Triple-negative breast cancers, which do not have estrogen, progesterone, or HER2 receptors, can be more serious and difficult to treat. Inherited breast cancer gene mutations, like BRCA1/2, are more common among this type of breast cancer – which is why it is important for those with triple-negative breast cancer to consider getting genetic testing that could help guide their cancer treatment 🧬👩⚕️
Black populations from Africa, the Caribbean, and the United States are more commonly diagnosed with triple-negative breast cancer, which may contribute to their worse breast cancer outcomes. However, there is now emerging data to suggest that triple-negative breast cancer may be more common in other non-European populations, such as India.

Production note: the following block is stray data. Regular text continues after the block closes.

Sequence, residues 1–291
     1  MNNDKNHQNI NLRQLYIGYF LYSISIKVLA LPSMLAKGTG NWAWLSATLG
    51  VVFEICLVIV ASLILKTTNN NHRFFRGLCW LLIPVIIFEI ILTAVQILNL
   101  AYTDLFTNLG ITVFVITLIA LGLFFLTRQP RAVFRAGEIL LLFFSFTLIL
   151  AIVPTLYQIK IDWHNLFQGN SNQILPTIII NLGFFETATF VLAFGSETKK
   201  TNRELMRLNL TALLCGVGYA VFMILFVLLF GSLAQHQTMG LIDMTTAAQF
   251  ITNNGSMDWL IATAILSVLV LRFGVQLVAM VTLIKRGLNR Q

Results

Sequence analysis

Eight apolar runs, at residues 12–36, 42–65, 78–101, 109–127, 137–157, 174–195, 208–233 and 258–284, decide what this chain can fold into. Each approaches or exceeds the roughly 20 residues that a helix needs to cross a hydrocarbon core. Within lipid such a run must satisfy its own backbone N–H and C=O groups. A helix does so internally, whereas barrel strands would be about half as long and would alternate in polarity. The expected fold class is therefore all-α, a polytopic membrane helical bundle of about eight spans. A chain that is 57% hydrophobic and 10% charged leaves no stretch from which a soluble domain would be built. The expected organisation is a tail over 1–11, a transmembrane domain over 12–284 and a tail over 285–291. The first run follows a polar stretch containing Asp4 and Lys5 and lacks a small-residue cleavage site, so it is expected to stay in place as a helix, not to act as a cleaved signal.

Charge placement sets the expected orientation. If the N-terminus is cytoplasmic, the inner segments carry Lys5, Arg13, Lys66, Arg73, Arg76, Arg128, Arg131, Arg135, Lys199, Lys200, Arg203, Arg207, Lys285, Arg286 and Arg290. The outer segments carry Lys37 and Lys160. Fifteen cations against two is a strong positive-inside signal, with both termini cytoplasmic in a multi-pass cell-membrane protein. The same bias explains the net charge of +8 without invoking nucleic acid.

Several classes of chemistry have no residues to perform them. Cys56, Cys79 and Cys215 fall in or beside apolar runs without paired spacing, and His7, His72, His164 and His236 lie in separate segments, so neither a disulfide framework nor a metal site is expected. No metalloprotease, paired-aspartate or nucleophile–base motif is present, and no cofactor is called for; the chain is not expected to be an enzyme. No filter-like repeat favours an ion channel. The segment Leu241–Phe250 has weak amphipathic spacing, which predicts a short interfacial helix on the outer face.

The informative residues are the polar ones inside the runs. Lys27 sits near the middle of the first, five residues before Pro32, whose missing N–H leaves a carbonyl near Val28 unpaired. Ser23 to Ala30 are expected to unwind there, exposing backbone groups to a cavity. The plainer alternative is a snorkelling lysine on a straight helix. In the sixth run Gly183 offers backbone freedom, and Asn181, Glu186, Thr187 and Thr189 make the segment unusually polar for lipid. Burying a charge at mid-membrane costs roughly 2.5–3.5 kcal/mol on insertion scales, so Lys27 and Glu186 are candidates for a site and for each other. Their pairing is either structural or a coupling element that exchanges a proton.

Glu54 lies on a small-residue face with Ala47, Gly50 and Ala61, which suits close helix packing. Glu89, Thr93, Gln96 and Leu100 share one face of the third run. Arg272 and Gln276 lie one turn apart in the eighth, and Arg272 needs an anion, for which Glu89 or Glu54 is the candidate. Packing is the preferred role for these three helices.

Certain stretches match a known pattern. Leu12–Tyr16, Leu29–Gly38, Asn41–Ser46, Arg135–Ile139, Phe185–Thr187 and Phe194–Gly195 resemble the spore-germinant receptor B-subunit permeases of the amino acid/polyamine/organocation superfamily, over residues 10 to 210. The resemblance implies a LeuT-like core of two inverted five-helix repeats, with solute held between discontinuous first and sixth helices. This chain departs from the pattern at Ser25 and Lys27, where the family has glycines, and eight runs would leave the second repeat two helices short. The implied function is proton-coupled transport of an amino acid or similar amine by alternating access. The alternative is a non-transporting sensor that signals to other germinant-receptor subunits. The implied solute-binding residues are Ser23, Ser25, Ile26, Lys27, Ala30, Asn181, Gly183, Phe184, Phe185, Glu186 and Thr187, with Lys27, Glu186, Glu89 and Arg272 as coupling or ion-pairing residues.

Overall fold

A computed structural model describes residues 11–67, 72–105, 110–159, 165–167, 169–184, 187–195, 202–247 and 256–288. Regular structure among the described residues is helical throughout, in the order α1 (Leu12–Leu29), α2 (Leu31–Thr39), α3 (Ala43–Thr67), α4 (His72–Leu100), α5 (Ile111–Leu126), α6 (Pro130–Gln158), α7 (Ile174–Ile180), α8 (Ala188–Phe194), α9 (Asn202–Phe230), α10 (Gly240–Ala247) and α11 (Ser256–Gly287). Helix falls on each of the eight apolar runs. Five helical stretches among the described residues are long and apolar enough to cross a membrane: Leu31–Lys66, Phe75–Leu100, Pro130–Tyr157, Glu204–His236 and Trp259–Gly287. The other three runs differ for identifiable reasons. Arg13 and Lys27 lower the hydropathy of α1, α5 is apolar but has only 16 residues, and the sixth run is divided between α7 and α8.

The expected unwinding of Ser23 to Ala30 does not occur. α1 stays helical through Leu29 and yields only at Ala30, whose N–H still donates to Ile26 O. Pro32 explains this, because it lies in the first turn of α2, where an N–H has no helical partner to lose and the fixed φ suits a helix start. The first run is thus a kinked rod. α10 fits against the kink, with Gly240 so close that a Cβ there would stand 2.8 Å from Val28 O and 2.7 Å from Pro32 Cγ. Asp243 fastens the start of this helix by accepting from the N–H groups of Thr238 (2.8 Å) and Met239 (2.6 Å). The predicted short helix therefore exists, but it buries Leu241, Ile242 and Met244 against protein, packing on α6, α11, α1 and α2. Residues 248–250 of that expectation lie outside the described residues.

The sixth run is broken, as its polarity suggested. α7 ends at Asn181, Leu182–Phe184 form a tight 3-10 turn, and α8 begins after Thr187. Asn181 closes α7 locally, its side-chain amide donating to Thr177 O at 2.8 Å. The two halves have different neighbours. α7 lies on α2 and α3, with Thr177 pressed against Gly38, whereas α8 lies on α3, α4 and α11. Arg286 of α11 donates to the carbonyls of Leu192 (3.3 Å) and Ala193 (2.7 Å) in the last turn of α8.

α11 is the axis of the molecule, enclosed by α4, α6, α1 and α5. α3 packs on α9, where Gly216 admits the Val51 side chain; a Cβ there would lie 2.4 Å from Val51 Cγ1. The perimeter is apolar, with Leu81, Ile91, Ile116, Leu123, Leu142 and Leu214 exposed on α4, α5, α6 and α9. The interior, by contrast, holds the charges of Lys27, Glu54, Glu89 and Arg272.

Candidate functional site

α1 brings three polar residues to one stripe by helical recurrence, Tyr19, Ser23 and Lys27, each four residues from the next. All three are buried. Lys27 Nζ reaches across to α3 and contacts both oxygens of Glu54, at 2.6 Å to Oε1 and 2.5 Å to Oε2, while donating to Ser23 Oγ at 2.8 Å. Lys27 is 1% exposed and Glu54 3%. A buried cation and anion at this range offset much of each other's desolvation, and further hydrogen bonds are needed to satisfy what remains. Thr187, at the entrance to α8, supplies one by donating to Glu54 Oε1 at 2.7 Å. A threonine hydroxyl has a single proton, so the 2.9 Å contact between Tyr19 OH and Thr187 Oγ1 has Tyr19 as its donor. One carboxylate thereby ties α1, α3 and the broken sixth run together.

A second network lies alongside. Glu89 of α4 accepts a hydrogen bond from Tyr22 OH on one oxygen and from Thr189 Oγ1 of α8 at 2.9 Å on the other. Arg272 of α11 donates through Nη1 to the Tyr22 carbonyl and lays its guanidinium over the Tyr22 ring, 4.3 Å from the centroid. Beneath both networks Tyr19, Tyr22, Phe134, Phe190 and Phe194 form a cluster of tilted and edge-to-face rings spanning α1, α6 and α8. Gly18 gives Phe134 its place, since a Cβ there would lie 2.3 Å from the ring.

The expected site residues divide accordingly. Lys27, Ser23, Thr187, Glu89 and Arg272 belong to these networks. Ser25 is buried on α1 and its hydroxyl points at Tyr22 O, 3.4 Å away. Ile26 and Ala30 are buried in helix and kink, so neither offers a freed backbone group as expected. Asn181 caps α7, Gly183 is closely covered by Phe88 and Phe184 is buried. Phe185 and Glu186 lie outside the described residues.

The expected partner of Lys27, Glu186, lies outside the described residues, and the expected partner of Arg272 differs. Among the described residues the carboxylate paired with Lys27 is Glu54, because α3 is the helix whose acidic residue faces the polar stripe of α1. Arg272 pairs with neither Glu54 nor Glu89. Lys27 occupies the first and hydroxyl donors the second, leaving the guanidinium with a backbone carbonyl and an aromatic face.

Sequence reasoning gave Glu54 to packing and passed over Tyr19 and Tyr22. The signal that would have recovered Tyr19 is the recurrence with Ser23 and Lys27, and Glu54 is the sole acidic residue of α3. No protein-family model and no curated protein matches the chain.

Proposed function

These types of studies highlight the differences across populations in developing more serious forms of breast cancer, as well as the importance of studying ALL populations so that everyone can have the chance to benefit from genomic advances.